Officials with the South Central Indiana Talent Region Plan to make their case for a $49.5 million READI grant at 1 p.m. Friday at Dallara IndyCar Factory in Speedway.

The region that includes Jackson, Bartholomew and Jennings counties and the town of Edinburgh is one of 17 self-identified regions in the state that have already met or will meet with the Indiana Economic Development Corp. and members of the READI grant review committee this week.

The meetings provide officials with each region the opportunity to present their vision, goals and strategies to positively impact their region’s quality of place and quality of life, innovation, entrepreneurship and talent attraction and development. The state has set aside $500 million for grant requests through the program, which also is known as the Regional Economic Acceleration and Development Initiative.

A final decision about grant recipients will be made and announced by the second week of December.

Seymour Mayor Matt Nicholson, who served on the steering committee for the South Central Indiana Talent Region’s READI grant proposal, said he looks forward to seeing what the state comes back with in terms of decisions.

“I feel sorry for them in a way,” he said. That’s because all of the regions have made good requests and it’s going to be a tough decision about which proposals receive funding, he said.

“No matter what decision they make, they are going to be good projects,” Nicholson said.

Launched by Gov. Eric Holcomb and led by the IEDC, READI builds on the framework and successes of the Indiana Regional Cities Initiative and the 21st Century Talent Initiative, encouraging regional collaboration and data-driven, long-term planning that when implemented will attract and retain talent in Indiana, according to a news release from the IEDC.

Friday’s hearing is the third of three days of hearings. Six regions presented their cases today, and six others did so Monday.

The South Central Indiana Talent Region presentation includes 26 projects in four categories: Innovation and entrepreneurship, education and workforce development, housing and talent attraction and quality of place.

The region is making plans to welcome up to 13,000 new residents to the region by the end of the decade. The group also set a benchmark of building at least 567 homes with READI support.

In Bartholomew County, READI funding would help support, among other projects, the construction of the initial phase of a new research and development test complex and proving ground for autonomous, electric and alternative-fuel vehicles.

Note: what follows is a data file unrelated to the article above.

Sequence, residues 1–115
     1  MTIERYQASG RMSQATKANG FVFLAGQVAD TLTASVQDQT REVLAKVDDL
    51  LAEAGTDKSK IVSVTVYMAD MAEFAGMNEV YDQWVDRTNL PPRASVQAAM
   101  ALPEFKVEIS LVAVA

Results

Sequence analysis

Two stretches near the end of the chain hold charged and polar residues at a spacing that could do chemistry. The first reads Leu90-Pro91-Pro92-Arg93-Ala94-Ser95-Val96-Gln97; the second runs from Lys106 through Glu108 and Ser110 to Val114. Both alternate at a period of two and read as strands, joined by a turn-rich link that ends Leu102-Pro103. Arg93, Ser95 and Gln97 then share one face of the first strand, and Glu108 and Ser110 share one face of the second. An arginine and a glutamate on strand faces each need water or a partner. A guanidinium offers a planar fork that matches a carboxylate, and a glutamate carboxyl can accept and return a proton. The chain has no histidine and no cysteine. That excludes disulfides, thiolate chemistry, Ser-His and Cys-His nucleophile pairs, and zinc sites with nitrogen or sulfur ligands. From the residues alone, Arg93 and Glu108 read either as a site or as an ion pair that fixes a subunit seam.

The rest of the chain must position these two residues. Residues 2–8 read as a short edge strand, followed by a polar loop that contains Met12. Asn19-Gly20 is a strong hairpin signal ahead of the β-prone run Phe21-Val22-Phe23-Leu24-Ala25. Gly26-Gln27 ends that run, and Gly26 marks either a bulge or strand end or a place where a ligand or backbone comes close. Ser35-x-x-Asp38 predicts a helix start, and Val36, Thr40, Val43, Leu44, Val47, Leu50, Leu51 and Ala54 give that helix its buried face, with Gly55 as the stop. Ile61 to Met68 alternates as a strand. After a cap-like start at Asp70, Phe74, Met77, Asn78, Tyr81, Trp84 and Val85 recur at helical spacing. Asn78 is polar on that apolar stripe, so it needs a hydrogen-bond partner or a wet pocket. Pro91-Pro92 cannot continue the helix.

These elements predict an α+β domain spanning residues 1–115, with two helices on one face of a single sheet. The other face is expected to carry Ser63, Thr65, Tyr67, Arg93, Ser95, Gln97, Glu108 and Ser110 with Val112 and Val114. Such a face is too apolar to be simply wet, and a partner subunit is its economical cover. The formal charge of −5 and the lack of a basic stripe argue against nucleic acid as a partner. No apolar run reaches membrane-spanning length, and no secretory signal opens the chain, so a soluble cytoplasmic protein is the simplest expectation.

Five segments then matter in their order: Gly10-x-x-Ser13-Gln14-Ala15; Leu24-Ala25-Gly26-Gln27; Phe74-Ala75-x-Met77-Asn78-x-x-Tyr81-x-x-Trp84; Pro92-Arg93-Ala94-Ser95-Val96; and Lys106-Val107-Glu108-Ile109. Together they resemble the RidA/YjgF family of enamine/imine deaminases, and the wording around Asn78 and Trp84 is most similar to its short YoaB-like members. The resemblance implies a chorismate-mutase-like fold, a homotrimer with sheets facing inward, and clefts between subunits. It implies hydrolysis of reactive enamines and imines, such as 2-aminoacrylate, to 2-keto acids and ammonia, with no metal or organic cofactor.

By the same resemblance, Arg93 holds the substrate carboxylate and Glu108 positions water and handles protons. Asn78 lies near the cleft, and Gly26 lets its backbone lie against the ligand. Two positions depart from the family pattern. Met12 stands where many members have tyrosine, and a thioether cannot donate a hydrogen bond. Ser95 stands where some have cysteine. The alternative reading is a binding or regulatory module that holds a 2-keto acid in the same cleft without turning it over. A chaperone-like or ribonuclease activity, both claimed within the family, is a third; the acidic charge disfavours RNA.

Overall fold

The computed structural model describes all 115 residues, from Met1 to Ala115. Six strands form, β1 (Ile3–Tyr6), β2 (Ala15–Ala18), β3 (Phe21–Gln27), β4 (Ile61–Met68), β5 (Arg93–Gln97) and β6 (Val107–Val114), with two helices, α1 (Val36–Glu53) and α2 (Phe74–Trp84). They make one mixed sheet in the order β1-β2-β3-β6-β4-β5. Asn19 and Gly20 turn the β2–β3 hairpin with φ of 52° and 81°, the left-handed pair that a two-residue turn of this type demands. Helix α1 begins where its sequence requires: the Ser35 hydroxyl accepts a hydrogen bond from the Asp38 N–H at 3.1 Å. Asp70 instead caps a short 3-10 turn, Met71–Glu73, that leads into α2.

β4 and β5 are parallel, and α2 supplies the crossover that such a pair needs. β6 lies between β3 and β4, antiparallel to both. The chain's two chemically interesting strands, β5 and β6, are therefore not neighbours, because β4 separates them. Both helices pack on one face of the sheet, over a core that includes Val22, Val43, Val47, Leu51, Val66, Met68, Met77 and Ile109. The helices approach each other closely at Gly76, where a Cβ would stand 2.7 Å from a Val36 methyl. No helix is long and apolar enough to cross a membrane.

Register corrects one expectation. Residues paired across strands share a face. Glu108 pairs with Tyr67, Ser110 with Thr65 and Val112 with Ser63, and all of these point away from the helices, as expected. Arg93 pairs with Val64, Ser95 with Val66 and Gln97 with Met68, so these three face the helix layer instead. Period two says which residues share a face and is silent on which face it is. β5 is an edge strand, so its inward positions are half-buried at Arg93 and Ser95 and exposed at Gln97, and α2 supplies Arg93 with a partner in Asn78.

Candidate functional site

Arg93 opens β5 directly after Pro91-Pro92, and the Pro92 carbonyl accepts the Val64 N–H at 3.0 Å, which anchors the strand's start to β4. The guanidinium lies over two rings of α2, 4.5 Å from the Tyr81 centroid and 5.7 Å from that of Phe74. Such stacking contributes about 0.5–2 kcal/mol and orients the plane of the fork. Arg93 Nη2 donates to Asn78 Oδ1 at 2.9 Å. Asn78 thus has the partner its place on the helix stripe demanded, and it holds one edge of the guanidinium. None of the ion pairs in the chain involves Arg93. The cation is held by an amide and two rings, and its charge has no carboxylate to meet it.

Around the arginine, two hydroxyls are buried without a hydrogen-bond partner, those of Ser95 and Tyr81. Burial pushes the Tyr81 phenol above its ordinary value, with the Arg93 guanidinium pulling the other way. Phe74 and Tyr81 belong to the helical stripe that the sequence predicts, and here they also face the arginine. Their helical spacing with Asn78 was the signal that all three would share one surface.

The complex, the Mobility Test Park and Proving Ground, would be at the former Walesboro airport, where Cummins and Faurecia are currently using the former runways as a test track.

“Combining READI support with pledged public and private match, the initial $31 million phase (of the project) will be achieved,” the plan states. “In 2022, construction of a new replacement track for Cummins will be built by the community. In 2023, construction of the autonomous pad will commence which will become a shared and


Seymour High School senior Trever Stuckwisch works in a welding booth in February 2020 in the school’s welding lab at the Ag-Science and Research Farm in the Freeman Field Industrial Park. File photo

managed facility open for users to conduct short-term or long-term testing and validation needs.”

In 2024, LHP Engineering Solutions conditionally expects to invest in a new engineering facility to house its growing Advanced Driver-Assistance Systems and functional safety business, with additional space available to welcome new ventures on site, the plan states.

LHP Engineering Solutions has conditionally pledged more than $15 million of its own funds to two of the projects in the plan, though it is currently unclear which two projects the company may help pay for, according to the announcement.

The project at Walesboro has been envisioned and considered by Columbus officials for several years.

“At full build, facilities will allow testing and certification of autonomous, noise/vibration/ handling, braking, highway, electric vehicle and other applications,” the plan states.

The funding would also help fund part of the NexusPark project at the former FairOaks Mall site in Columbus.

The city of Columbus has a projected commitment of $33 million in the project, including the construction of an indoor fieldhouse, recreational facilities, Columbus Parks’ administrative offices, community fitness facilities, non-sports activity areas and community gathering spaces.

Columbus Regional Hospital has committed $35 million for health care facilities, including physician offices, diagnostic services, wellness spaces and physical and occupational therapy spaces.

READI funds would be used to support the currently unfunded exterior campus and connector facilities, including community park spaces, People Trails and access to a public transportation hub, according to the announcement.

The funding would also help support other projects in Bartholomew County, including the Columbus Riverfront Project and a hotel and conference center in downtown Columbus, among others, the plan states.

The funding would also help fund a parking garage that would support the hotel and conference center and other events and festivals in downtown Columbus and help get construction underway on plans to redevelop the waterfront between the Second and Third Street bridges in downtown Columbus, which could start next year and take an estimated 18 months.

Six of the projects with READI grant funding requests of just more than $7 million are in Jackson County.

The total budget of the 26 projects in the region is $378.5 million.
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